Bicultural identities—that’s something many of the residents in Salem’s Point neighborhood have in common. The primarily Dominican population has roots in the Caribbean and familial ties in the States. That duality is depicted in paint on two large murals that have been recently resurrected after languishing out of sight for years. As part of the 15 Ward Street Pocket Park & Public Art Project, which transformed a dump site into a small urban park, two murals—originally painted in 1997—were replicated by Oliver Brothers tine Art Restoration and Conservation in 2015.
At the project’s helm was the North Shore Community Development Coalition (CDC). -They are basically going in and improving neighborhoods,” says Oliver Brothers principal Greg Bishop. Such was the case for the lower-income Point neighborhood.
They originally wanted to restore them,” says Bishop of the murals. “They contacted us because we are a restoration company, but I went to see them—they were in basements and covered in mold…. They were really too far gone.” Ultimately, they decided to re-create the murals using the same panel form.
To start, they transported all of the rotting sheets of plywood to their shop in Beverly, where they photographed all of the panels for reference. “We quickly realized the most efficient thing to do was to trace the murals on the original panels using translucent tissue paper,” explains Bishop. -Then we took the new tracings and flipped them over and drew on the back so we had a reverse negative, which we transferred onto the new panels so we had a chalk outline.”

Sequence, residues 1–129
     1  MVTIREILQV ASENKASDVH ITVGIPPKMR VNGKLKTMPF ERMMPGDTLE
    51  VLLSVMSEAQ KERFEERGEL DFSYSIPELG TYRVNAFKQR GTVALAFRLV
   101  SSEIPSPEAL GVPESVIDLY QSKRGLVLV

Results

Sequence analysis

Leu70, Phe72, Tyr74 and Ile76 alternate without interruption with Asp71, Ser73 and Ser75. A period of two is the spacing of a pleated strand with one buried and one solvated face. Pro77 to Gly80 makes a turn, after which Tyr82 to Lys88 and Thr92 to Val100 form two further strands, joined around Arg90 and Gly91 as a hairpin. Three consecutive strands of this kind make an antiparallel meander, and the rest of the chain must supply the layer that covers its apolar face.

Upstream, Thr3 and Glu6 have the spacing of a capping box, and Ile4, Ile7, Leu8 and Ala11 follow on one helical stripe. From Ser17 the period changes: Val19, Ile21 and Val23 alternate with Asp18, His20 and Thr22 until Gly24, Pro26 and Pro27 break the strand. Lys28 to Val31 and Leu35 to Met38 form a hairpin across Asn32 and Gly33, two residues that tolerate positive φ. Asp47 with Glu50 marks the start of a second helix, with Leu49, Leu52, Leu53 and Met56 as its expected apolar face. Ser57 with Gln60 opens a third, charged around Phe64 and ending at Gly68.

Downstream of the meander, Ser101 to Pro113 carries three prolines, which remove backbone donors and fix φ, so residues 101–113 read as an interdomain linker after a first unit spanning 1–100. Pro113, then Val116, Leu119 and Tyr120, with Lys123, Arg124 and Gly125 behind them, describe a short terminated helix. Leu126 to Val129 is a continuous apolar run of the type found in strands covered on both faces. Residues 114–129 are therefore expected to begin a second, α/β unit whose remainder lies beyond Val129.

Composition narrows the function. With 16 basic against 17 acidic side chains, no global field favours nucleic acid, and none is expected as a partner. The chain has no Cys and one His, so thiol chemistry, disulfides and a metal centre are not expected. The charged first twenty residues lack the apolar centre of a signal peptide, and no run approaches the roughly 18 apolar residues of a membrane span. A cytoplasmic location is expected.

The entire Oliver Brothers staff worked on the project from mid-June through August, and Bishop hired a number of additional artists to work on detailing.
Looking back to 1997, CDC’s chief program officer Rosario Ubiera-Minaya explains how, over a period of several months and under the guidance of youth project coordinators, the Point’s young people designed and painted the murals. As a college student and neighborhood resident, Ubiera-Minaya served as one of those youth coordinators.
A United Way grant enabled CDC to hire John Ewing, an internationally known muralist. “He worked with kids from the neighborhood, exposing them to art and murals from around the world,” says Ubiera-Minaya. “He taught them how art can be used as a tool for sending a message.”
The two murals now on display are part of a series of three. The third was much smaller and portable—it was used to explain the project. The residents involved in painting the original murals ranged in age from 5 to 19. “Discussions with them [revealed) they wanted to show how they felt about being split between two worlds,” explains Ubiera-Minaya. The small mural depicts a tree rooted into both sides of a scene—on one side, Caribbean culture is represented with colorful scenes of family togetherness, and on the other is a cityscape featuring ideas of education and employment; overhead, a plane crosses from the Caribbean to the United States.
The Harbor Street mural tells the story of what it means to be part of the neighborhood. “It shows everyday life in the Point…as well as iconic residents [who) brought their culture into the neighborhood.” The third and largest mural is on Ward Street and represents the young people’s aspirations for the future. In it, they are seen reaching into the sky toward symbols of success.
The idea for all of CDC’s endeavors is to engage residents and to attract visitors. “We have big dreams for public art in the neighborhood,” says Ubiera-Minaya, noting that the mural project was the first opportunity for CDC to use art as an educational tool. There are other such projects in the works. In fact, they recently completed the crosswalk project, for which Ruben Ubiera, Rosario’s brother, was the muralist. A former Point resident, he is now a world-renowned painter—and a shining example of the power of public art.
Photographs courtesy of Oliver Brothers Fine Art Restoration and Conservation.